Friday, March 26, 2010

Nights Like These, I Want to Be the Speaker in a Mary Oliver Poem

I went to an art exhibit today centered around "the figure"--bold ceramic creations that stretched assumptions about the human body. While I was pondering this art, my hubby got the call; we'd been expecting it as budget cuts began to affect more folks we knew. In July, we will most likely be joining the 40 million+ Americans without health care coverage, due to his job being dropped to part-time.

Suddenly, the elephant in the room has actually learned to talk. The questions start bubbling: What about finishing school? What about possible future children? What about the world that we imagined? We know we're not alone in this questioning, and we also know that, as Americans, our lives will still be privileged on the worst of days. But funny how quickly the mind breaks away from the body in times like these, when it screams I'm in charge now! Even now, my cheeks are flushed, my shoulders hunched forward, my whole body heavy with "What nows?"

Last night's post subject seems a wee bit ironic in hindsight...As an artist, I am used to society either deeming the work I do as "not worthy of health insurance" or making it impossible for me to receive benefits by keeping me part-time (adjuncting, for instance).  I have also been down the road of catastrophic-only insurance plans...and spent more moola on unnecessary tests (needed due to stress, go figure!) than I ever plan to again.

So...I will not let this post become a rant, no worries. I will choose this new road as an opportunity to simplify my life even more, to connect mind + body into something stronger than fear.

Feel free to quote me these lines in the next few months. Unwelcome change can actually be what leads to a fuller life...We shall see. Now's the time to walk the talk. Now's the time to see what life has to offer vulnerability...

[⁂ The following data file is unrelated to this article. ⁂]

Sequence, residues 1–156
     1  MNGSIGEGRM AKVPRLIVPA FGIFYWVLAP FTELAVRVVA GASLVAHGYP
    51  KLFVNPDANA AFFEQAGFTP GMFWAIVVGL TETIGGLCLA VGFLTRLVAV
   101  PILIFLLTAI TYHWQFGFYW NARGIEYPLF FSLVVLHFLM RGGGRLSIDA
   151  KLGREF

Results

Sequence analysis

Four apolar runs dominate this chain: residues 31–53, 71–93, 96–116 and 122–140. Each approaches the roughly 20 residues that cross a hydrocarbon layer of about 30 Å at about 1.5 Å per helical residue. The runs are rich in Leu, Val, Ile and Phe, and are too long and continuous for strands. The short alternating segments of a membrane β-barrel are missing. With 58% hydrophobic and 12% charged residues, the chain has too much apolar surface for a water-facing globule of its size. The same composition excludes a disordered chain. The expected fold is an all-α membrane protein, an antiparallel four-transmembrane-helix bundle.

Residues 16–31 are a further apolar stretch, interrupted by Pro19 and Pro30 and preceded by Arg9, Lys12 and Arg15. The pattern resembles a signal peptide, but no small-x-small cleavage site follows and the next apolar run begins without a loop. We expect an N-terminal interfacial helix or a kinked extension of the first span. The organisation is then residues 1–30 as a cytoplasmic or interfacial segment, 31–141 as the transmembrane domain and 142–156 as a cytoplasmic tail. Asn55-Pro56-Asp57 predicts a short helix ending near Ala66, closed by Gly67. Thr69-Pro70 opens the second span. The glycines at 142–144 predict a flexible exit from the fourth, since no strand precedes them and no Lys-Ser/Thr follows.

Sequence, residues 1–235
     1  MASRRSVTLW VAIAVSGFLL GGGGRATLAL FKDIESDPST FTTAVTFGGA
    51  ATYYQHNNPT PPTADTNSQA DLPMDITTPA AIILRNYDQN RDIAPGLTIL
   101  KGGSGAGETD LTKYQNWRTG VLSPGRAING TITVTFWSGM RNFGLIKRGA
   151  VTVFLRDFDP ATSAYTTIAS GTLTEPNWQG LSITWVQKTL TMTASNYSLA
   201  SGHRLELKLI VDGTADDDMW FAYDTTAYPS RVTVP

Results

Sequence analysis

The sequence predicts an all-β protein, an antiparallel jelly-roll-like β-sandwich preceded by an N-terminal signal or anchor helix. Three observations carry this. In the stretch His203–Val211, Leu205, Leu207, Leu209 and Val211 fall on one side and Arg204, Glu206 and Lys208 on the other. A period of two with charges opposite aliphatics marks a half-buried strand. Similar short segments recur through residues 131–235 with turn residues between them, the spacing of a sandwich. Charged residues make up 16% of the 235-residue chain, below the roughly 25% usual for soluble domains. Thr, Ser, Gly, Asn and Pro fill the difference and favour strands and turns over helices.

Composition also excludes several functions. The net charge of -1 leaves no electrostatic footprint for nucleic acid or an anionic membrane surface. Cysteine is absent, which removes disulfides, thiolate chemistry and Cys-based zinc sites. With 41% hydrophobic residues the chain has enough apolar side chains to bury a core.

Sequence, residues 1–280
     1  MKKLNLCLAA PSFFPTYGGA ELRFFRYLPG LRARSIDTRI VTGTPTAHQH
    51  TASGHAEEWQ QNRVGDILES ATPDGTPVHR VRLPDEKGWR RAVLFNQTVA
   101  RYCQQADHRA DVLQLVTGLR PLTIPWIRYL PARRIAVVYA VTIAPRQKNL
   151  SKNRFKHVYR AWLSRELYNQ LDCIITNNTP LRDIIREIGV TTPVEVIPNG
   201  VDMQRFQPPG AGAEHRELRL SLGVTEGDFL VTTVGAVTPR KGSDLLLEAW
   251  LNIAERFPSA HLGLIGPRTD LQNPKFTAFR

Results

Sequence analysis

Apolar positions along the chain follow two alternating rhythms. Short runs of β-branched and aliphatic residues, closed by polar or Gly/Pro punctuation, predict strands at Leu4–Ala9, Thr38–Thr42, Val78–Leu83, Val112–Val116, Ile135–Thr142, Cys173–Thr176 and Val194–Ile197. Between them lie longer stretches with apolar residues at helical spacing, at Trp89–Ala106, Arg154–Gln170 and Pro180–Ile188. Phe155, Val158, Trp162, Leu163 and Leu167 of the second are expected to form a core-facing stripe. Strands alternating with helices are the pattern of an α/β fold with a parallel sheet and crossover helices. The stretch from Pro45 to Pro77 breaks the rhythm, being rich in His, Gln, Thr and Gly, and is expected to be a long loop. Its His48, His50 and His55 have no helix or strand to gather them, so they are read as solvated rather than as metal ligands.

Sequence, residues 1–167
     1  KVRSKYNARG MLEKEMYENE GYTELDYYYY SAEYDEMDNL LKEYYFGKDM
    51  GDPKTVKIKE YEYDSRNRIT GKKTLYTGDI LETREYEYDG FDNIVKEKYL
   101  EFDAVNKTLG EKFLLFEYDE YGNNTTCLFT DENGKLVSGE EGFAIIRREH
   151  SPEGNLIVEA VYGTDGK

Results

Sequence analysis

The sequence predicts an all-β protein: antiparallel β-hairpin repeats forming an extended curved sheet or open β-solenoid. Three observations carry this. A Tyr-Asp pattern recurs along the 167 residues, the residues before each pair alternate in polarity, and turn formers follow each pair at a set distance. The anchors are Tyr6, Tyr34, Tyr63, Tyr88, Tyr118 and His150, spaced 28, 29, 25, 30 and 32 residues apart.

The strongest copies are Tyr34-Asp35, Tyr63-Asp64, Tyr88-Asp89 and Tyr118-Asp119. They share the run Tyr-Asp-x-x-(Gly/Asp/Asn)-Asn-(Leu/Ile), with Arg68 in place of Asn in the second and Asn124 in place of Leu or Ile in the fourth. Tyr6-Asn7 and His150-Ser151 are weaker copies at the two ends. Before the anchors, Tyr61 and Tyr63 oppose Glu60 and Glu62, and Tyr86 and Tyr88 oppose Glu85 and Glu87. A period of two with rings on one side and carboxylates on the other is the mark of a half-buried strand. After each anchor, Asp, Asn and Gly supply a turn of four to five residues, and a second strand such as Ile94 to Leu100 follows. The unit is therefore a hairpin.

Glad I have the opening daffodils today--evidence that expected change can be lovely, bright; they're proof that we can't keep a season for long. So are poems:

You do not have to be good.
You do not have to walk on your knees
for a hundred miles through the desert, repenting.
You only have to let the soft animal of your body
love what it loves.
Tell me about despair, yours, and I will tell you mine.
Meanwhile the world goes on.
Meanwhile the sun and the clear pebbles of the rain
are moving across the landscapes,
over the prairies and the deep trees,
the mountains and the rivers.
Meanwhile the wild geese, high in the clean blue air,
are heading home again.
Whoever you are, no matter how lonely,
the world offers itself to your imagination,
calls to you like the wild geese, harsh and exciting--
over and over announcing your place
in the family of things.

"Wild Geese" by Mary Oliver


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  2. Becca,
    Annah and I are glad to have crossed paths with you and Michael in this unique part of a big planet. As you put it, miracles do happen every day.
    After reading about Michael's job, the idea of a failing economy seemed more hurtful and personal.
    When the financial world wanes, as it often does, there is a bit of cleansing that happens. Trite worries get washed away, and the roots of our existence are often exposed.
    The lessons my grandparent learned from the Great Depression, like reusing a piece of tinfoil are simple but profound. I have no doubt, these times will be times of growth for you two.
    Be well.
    Jim Korpi